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1929 Gibson 4 string banjo

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Good day all. I'm brand new to the forum so please forgive any dumb mistakes I might play in regards to where I'm posting things and I'm also not a musician so if I butcher some of the verbage, I do apologize for that also.

 

My dad has "blessed" me with the task of getting his father's 1929 Gibson banjo appraised. He's been told its quite rare. From what we can gather, its a 1929 Gibson model PT-6 plectrum tenor. Pretty sure its also known as a "PT 24 1/2" All the serial numbers are matching. The neck and resonator are curly maple with gold etched metal hardware, some gold sparkle details, mother of pearl tuner knobs and mother of pearl inlays on the fret board. It also has what I like to call a "whammy bar" damper type thing on the face. I don't know if that is normal for a banjo.

 

The banjo has only belonged to my grandfather, and it was passed down to my father after grandpa's passing. I honestly don't think its been played for over 40 years.

 

I was hoping some of the experts at Gibson might be able to help us out.

 

Much thanks in advance.

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First, as we like to say, "we need photos or it doesn't exist." Not that it is required to answer your question, we just like looking at pretty pictures of Gibson instruments.

 

Now for the real question, for what reason do you want the appraisal? There are two distinct values for most any instrument, "market value", and "insurance value". "Market value" is what you can expect to receive from an actual sale. "Insurance value", or "Blue Book" value, usually listed as considerably higher than market value, is what people WISH their instruments were worth, and are generally used for insurance purposes.

 

So, where are you going with the appraisal, e-bay, State Farm, Probate Court, etc?

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First, as we like to say, "we need photos or it doesn't exist." Not that it is required to answer your question, we just like looking at pretty pictures of Gibson instruments.

 

Now for the real question, for what reason do you want the appraisal? There are two distinct values for most any instrument, "market value", and "insurance value". "Market value" is what you can expect to receive from an actual sale. "Insurance value", or "Blue Book" value, usually listed as considerably higher than market value, is what people WISH their instruments were worth, and are generally used for insurance purposes.

 

So, where are you going with the appraisal, e-bay, State Farm, Probate Court, etc?

 

Thanks for the reply.

 

Dad says he wants to put the $$ towards my sons education and future musical endeavors. About 15 years ago he was told the value might be in the 15k range. I'm assuming he wants a fair price at today's market value.

 

I have some cell phone photos, but they pretty much suck and I need to do some better staging than just laying on the bed to give the old banjo some justice.

 

I will have to swing by their house and take my good camera soon.

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About 15 years ago he was told the value might be in the 15k range.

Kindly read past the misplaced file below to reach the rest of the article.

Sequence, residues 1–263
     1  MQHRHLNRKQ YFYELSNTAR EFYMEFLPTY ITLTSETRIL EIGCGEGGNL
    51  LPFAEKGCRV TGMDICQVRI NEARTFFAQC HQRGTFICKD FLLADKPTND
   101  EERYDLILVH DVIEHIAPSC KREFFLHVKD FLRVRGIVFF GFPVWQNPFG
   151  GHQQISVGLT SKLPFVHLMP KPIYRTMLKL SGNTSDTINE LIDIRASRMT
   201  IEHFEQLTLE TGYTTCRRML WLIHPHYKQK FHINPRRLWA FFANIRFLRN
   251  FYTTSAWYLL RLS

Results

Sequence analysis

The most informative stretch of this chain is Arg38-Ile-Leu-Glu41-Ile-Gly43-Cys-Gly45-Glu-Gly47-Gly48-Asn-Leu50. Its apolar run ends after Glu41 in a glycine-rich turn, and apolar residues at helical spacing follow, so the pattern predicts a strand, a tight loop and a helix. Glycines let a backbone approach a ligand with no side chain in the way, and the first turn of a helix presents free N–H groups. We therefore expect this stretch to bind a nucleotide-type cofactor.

My 1932 Gibson TB-1 tenor 4-string banjo currently has a market value of around $1200, and the market seems to be "up" at the moment. A couple of years ago the market on that instrument was about $700.

 

I'm not sure what would make a '29 plectrum worth 10x that much, although a plectrum will command higher prices than a tenor due to popularity and market demand, but....... I'm afraid you and your father might be in for a major reality check.

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I don't think these sites have your model,but they have old Gibson banjos,....and prices.

 

As I'm always quick to point out... don't confuse "asking prices" with selling prices, value or worth. An advertised asking price is nothing but a number somebody dreamed up.... until someone pays it.

 

You need actual "sold" numbers to use "comps" to determine "value".

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Thanks again for the replies. I just got off the phone with my dad and he still has the offer from a dude in TN, for 25K with the guy looking for too much of a commission if he sells it, just off the photos. He has apparently been emailing out my ipad photos, and got a reply from a guy in GA, who initially offered him 10K from the pics, then when my father told him of the offer currently on the table from the man in TN, he said he would have no problem giving him at least 25K for it, without the commission taken out.

 

He then emailed a professional banjo player/instructor who based off the photos told my dad that this banjo is rather rare and he'd base the value well above the 25k, in the 40's+.

 

I'm at work, so I don't want to linger on a forum too long, but we will take some better photos tomorrow and get em posted up for you all to enjoy.

 

Thanks again for your input.

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The folks aren't picking up, so they must be out to lunch or something.

 

Here are my pics from the iPad just to satisfy the masses. Hopefully I can get over there and get some better quality pics done.

 

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Have a great weekend all!

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